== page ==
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Ralf Schooneveld
Actor / Producer
74

Thanks!

Matt Bastos

October 14, 2014 at 12:16PM

Yo can choose a movie with the colors similars. And learn form that.

October 13, 2014 at 2:58AM, Edited October 13, 2:58AM

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Ragüel Cremades
Film producer and director
7662

On a pure "graphic" plane i suggest you, as a support to the others hints, to use paletton.com. The site allows you to create color palettes, starting from one color or a shade, to have hints on what colors could match the ones you have in mind. :)

October 13, 2014 at 4:42AM

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Piero Cioffi
Videographer
86

Hey Matt,

Have you seen this blog?

http://moviesincolor.com/

Its a great, quick reference for seeing the overall mood of popular films and tv shows. Hope it helps!

October 13, 2014 at 5:37AM

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Lucas Ferreira
Cinematographer
441

Hey Lucas, I have thank you! I actually just bookmarked it, so thanks again for the link. :)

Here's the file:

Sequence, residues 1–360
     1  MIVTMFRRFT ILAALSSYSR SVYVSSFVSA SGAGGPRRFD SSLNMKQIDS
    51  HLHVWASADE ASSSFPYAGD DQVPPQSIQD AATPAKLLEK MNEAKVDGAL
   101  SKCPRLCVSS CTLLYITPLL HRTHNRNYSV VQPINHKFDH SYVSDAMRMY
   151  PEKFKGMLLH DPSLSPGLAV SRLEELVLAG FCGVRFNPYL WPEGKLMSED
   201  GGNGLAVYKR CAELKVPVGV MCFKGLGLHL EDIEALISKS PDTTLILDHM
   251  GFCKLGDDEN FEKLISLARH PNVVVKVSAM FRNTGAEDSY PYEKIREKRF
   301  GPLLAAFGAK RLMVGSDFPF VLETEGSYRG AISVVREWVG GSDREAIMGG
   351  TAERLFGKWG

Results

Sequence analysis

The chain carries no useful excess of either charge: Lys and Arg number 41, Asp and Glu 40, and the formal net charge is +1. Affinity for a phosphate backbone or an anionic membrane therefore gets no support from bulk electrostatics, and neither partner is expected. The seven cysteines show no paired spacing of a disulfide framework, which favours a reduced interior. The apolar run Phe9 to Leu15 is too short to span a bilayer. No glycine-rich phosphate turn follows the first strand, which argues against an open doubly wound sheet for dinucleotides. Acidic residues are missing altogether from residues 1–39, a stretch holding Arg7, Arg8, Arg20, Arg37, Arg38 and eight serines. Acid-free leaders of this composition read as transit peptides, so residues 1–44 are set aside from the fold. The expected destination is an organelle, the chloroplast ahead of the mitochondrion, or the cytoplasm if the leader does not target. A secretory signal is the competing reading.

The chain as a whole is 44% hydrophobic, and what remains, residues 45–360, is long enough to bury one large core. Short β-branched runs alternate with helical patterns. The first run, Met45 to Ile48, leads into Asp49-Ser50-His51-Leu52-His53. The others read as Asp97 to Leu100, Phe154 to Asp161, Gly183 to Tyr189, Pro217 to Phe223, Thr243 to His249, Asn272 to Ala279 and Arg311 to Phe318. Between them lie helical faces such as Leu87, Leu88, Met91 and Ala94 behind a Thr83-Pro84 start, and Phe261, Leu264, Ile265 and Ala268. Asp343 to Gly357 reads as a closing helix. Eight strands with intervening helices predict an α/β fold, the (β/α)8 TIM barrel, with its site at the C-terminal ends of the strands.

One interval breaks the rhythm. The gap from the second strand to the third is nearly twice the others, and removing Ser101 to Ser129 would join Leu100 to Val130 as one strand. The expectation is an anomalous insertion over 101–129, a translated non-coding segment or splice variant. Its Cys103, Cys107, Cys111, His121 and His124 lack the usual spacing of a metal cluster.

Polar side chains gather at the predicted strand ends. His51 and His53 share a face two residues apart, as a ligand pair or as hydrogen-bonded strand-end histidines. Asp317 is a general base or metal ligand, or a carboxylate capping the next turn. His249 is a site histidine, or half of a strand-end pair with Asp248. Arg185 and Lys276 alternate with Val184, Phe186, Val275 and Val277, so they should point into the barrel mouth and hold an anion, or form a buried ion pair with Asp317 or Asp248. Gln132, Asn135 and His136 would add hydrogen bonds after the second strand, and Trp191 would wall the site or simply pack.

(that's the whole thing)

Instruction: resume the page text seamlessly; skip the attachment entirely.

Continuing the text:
Matt Bastos

October 14, 2014 at 12:15PM

listen to your intuition. you wrote or chose that screenplay for a reason. what do you see? what colors do you see? who do you see? who do you see it playing the role? if you don't see any colors, then what color is closest to "nothing" for you? you are a filmmaker, and not just a camera operator, not just a grip (not knocking those roles at all). what do you feel? if you are unsure then look for advice from a pro. But everybody has an opinion. you should start from yours.

October 13, 2014 at 10:22PM

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Kazu Okuda
Filmmaker
1323

Very true, thank you Kazu!

Matt Bastos

October 14, 2014 at 12:15PM

Thanks everybody for your answers so far! Also, thanks to No Film School for posting this on their Facebook page! :)

October 14, 2014 at 12:16PM, Edited October 14, 12:16PM

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Matt Bastos
Filmmaker/Writer
791

This site is great for breaking down specific color palettes used in popular films :) http://thecolorsofmotion.com/films

October 15, 2014 at 5:12AM

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Angelina Sereno
DP/Director
123

Thank you, Angelina! :)

Matt Bastos

October 15, 2014 at 8:17PM

I agree with everyone, I thought Kazu in particular was a good post, just to add to that post, try it
I am a one man band filmmaker, I take my actors, put them in costume, see how it works with my room, frequently doesn't work, make costume change till I am happy.

January 25, 2016 at 4:45PM, Edited January 25, 4:45PM